Other than an inside to outside swing path, what are the other core elements to the swing that you teach? I recall Haney did not have a cookie cutter approach. He worked with each student on the show individually based on how they swing naturally, but I can't recall what elements he thinks are "must haves" for a reliable swing. I assume "inside to outside" swing path is one if them based on the Phelps episodes.

I was there for the first Haney project with Barkley. (I was the guy that put all of the balls on the tee). Haha. Hank believes in having a plan and working hard. When you try to make a change first try it at full speed. If you can't feel it at full speed go slow... And slower. If you can't get it going slow then break it into parts.

The number one thing for us is fixing the ball...
post #29 of 50
Quote:
Originally Posted by Missouri Swede View Post

@LukasM
, welcome to the forum.

How much “Haney” is there in the instruction that you (and the other Haney instructors) provide, and how much is based on your own individual understanding and experience (which might include other sources—e.g., TGM, Stack and Tilt) as you see appropriate to supplement it or expand/improve it? 

To phrase it another way, how much uniformity is there in methodology in the Haney instruction world?  Thanks!

For me personally I started learning the golf swing under Steve Johnson. He's the closest thing to Hank himself. I've watched him and many other guys that have been around hank a long time for hundreds and hundreds of hours. And I've had the chance to watch Hank teach for a couple hundred hours. My time around other ways of teaching is limited.

All the instructors that work with Hank focus on fixing the ball flight and making sure that the students have fun. The best advice Hank has given me was "react to the ball". And to not take a trip to Scotland to see some girl hahaha
post #30 of 50
Well... Our analysis starts backwards... We see the ball flight first... Then we picture how the impact had to have been to produce that ball flight... After that how did the club move throughout the whole swing to produce the impact that caused the ball flight... Finally we look at what you did with your hands ,arms and body to move the club the way it moved that produced the impact that caused the ball flight... Hahah. I'm not a writer.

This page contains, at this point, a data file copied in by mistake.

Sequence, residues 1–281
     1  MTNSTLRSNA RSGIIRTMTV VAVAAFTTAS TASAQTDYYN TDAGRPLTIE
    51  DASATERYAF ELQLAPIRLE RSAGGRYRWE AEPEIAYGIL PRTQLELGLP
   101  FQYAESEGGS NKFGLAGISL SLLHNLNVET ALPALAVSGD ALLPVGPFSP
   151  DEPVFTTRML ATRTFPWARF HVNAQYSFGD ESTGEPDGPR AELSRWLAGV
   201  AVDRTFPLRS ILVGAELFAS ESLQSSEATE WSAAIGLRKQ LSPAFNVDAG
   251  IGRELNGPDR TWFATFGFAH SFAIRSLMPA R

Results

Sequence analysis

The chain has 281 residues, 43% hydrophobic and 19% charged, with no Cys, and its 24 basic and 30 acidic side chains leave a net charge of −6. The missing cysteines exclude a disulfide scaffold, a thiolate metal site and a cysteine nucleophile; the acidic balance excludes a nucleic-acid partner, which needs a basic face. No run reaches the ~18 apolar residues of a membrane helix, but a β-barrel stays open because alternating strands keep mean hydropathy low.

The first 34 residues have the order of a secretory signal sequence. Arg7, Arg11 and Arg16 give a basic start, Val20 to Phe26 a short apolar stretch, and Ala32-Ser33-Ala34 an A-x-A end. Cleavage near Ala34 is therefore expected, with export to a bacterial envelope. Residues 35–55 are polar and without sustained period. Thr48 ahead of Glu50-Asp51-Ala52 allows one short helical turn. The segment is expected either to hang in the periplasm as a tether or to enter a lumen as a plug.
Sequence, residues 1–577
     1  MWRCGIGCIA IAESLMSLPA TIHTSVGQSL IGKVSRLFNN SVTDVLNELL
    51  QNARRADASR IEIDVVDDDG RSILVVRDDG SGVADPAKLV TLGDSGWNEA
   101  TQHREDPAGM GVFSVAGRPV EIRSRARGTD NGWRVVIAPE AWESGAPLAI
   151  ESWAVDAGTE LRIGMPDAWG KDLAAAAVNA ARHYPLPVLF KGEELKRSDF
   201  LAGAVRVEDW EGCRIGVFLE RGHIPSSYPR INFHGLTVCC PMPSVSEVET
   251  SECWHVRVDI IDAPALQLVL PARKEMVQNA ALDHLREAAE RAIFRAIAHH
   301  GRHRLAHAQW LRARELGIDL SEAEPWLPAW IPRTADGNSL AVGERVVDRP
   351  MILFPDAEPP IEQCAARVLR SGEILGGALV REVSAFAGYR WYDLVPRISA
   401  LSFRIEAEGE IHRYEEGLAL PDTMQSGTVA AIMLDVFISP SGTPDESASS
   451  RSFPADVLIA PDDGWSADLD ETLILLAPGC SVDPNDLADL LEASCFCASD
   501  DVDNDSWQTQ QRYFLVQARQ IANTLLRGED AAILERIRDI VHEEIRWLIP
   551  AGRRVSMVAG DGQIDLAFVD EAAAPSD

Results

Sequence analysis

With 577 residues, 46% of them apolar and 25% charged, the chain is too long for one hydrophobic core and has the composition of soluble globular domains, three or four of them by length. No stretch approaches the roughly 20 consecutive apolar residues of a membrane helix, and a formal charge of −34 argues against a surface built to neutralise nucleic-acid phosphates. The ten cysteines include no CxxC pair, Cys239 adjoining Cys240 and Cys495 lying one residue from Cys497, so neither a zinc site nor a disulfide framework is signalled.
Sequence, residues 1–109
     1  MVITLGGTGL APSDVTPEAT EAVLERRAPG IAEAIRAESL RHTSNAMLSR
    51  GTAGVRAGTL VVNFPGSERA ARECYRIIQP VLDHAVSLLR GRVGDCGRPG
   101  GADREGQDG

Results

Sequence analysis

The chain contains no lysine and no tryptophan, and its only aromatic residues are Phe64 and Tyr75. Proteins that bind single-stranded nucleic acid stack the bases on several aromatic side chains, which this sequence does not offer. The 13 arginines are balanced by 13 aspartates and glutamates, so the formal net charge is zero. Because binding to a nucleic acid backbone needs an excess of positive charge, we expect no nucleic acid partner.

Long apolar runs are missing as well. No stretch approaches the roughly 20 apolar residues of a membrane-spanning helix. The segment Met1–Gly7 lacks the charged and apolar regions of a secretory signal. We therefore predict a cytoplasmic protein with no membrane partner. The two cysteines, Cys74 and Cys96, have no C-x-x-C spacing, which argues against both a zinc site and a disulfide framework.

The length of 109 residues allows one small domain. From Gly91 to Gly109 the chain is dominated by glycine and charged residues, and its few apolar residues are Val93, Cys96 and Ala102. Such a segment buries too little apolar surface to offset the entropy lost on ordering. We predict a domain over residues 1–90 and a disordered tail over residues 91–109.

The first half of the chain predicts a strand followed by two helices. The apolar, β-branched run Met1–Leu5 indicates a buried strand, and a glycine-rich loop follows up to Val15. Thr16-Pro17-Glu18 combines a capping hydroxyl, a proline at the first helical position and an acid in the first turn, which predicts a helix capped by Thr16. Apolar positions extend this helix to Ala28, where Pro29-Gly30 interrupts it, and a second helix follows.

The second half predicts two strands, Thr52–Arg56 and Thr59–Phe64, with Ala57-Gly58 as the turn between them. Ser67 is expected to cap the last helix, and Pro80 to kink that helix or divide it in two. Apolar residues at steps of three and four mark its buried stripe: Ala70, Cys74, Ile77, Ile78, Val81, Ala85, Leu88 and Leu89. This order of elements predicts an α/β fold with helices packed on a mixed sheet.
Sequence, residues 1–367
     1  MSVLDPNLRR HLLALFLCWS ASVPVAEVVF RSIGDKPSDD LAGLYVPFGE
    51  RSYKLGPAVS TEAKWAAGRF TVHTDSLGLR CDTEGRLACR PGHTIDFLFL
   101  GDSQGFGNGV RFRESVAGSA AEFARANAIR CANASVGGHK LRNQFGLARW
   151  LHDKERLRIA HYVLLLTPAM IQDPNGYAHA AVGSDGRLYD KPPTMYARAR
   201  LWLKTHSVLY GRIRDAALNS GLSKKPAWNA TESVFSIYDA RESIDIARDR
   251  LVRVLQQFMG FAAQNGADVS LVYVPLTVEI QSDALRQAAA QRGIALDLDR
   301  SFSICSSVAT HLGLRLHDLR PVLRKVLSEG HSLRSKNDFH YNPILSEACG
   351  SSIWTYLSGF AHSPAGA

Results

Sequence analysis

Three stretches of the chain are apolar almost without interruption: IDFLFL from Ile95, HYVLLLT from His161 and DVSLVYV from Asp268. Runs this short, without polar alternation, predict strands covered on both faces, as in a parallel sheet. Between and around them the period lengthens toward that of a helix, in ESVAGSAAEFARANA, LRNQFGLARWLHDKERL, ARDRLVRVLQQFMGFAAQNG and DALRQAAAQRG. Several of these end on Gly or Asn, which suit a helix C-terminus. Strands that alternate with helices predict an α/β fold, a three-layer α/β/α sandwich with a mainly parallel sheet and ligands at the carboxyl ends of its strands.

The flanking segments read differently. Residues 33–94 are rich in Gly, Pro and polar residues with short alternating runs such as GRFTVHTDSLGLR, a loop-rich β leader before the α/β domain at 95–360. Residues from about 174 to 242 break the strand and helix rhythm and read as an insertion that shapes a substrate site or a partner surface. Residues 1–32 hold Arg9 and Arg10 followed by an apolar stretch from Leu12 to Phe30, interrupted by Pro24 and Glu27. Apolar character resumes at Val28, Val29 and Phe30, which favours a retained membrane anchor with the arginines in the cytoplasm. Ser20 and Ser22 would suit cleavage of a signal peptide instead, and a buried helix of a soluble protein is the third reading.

The swing plane influences to a great extent three things. How much ground you hit, where on the club face you make contact, and whether or not the club face comes back square. That's a big thing for us
post #31 of 50
Quote:
Originally Posted by Missouri Swede View Post
 


@LukasM, welcome to the forum.

 

How much “Haney” is there in the instruction that you (and the other Haney instructors) provide, and how much is based on your own individual understanding and experience (which might include other sources—e.g., TGM, Stack and Tilt) as you see appropriate to supplement it or expand/improve it? 

 

To phrase it another way, how much uniformity is there in methodology in the Haney instruction world?  Thanks!

This is a question that fascinates me, whether it's asked about Haney's "people", Leadbetter's "people" or any other instruction that falls into a Name Brand Philosophy. Are the approaches identical from instructor to instructor? Do they/can they deviate from the path (no pun intended) or is that anathema? 

 

I don't think that @LukasM answered this, or maybe I missed it? Anyway, would like to hear the reply as I am curious as to how this works.

 

Tempted to send in some vids just to see how much the Haney approach may or may not differ from what I am being taught.

post #32 of 50
Quote:
Originally Posted by LukasM View Post

Well... Our analysis starts backwards... We see the ball flight first... Then we picture how the impact had to have been to produce that ball flight... After that how did the club move throughout the whole swing to produce the impact that caused the ball flight... Finally we look at what you did with your hands ,arms and body to move the club the way it moved that produced the impact that caused the ball flight... Hahah. I'm not a writer.

The swing plane influences to a great extent three things. How much ground you hit, where on the club face you make contact, and whether or not the club face comes back square. That's a big thing for us

 

Quote:
Originally Posted by LukasM View Post